The NZIA suggests multiple measures, including requiring contributions from oil and gas producers to enhance CO2 storage capacity. This approach was further approved by deal passed by the European Commission last week.

The agreement also advocates for the expansion of storage infrastructure, not limited to the North Sea countries but extending throughout all of Europe. This move has the potential to reduce costs in Europe by up to 300% and is crucial for the effective operation of a unified market.

Accelerating the implementation of CCS to reach Net Zero

To achieve the objectives outlined in the UN Framework Convention on Climate Change, CCUS must capture a minimum of one-fifth of the CO2 emitted by the fossil fuel industry by 2050. Presently, this percentage is below 4%.

IOGP Europe examined the accumulation of CO2 storage injection capacity in the EU. The conclusion was that even if all identified projects were to proceed with the Final Investment Decision (FID) and commence operations as scheduled, a shortfall would still exist compared to the targeted 50Mt objective outlined in the Net Zero Industry Act (NZIA) proposal for 2050.

In 2024, it is imperative for more projects to reach the final investment decision, and European governments must implement the necessary policies and regulatory frameworks to unlock the profound emissions reductions that these projects could offer.

Policy support plays a crucial role in facilitating projects. For example, Denmark’s commitment to offering sustained 20-year financial support and the grants provided by the EU Innovation Fund. Nevertheless, there remains inconsistency, especially for storage sites, and hesitancy among investors is high.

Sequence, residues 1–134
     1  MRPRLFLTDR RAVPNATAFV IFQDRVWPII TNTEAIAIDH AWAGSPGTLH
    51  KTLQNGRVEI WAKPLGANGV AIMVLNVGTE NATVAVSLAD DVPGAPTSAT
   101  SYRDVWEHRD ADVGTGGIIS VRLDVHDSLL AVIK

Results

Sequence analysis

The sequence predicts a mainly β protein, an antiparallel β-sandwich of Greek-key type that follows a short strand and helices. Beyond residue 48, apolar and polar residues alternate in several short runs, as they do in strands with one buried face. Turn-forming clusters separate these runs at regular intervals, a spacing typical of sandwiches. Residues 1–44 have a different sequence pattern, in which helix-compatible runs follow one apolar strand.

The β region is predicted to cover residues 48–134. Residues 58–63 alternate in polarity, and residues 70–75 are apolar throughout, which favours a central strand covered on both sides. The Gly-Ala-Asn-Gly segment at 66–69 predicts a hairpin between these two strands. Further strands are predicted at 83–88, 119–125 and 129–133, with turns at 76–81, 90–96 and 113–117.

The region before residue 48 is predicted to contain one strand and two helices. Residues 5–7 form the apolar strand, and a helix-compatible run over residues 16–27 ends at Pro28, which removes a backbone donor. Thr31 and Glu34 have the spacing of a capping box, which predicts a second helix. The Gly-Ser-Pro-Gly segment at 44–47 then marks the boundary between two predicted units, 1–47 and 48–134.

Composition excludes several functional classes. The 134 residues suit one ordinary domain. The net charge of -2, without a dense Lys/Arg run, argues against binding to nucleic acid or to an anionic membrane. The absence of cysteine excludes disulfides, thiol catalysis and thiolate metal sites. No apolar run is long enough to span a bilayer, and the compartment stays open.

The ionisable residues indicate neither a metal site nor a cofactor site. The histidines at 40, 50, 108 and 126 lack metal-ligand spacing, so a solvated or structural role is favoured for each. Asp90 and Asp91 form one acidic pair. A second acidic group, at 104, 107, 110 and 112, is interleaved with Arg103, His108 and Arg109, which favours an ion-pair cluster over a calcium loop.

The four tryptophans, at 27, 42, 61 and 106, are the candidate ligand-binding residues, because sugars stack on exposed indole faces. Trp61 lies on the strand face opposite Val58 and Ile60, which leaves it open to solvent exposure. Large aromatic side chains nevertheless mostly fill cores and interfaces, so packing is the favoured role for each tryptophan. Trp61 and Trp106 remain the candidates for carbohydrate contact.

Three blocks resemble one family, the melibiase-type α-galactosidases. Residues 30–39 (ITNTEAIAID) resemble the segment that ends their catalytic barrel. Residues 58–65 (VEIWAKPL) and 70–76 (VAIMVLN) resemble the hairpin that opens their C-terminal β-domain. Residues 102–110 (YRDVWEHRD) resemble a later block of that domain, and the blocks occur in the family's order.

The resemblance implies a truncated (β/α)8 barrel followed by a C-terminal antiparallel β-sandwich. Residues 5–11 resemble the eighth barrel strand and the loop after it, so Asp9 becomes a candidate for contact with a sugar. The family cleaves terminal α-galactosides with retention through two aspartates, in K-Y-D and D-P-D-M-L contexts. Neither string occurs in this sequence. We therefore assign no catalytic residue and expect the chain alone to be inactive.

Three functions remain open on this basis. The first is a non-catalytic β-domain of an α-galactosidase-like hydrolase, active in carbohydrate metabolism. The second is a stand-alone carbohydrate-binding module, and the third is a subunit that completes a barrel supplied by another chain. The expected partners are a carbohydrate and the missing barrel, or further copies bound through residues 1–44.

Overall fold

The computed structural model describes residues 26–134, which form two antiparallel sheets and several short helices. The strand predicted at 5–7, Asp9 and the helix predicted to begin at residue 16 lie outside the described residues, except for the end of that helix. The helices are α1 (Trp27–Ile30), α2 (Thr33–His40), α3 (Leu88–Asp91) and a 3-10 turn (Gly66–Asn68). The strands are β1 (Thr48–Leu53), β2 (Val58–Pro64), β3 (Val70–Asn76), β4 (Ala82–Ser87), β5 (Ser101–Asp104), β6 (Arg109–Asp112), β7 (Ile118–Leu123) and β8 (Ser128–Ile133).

The oil and gas sector remains a key driver and leading actor involved in the entire CCUS value chain, adopting a comprehensive approach that spans from capture and transportation to storage.

How can we help?

As part of the ABL Group, the global energy and marine consultants, we provide a wide spectrum of engineering and consultancy services to support the carbon management value chain from CO2 transport to geological storage.

With expertise from multi-disciplinary engineering teams from group companies AGR and Longitude, you can count on us to provide:

  • Feasibility studies – including petrophysics, reservoir modelling and simulation of CO2 plume movement, CO2 well costing
  • Storage site screening and characterisation for potential CO2 storage
  • Independent third-party storage evaluations
  • Geological assessment and mitigation of the risks associated with CO2 leakage
  • Subsurface evaluation in certification for CO2 storage sites according to ISO27914
  • Evaluation of repurposing production wells to CO2 injection wells
  • Well integrity assessments for depleted oil and gas fields to be converted to CO2 storage sites
  • Well design and drilling management of CO2 storage wells
  • Vessel design and engineering for CO2 transportation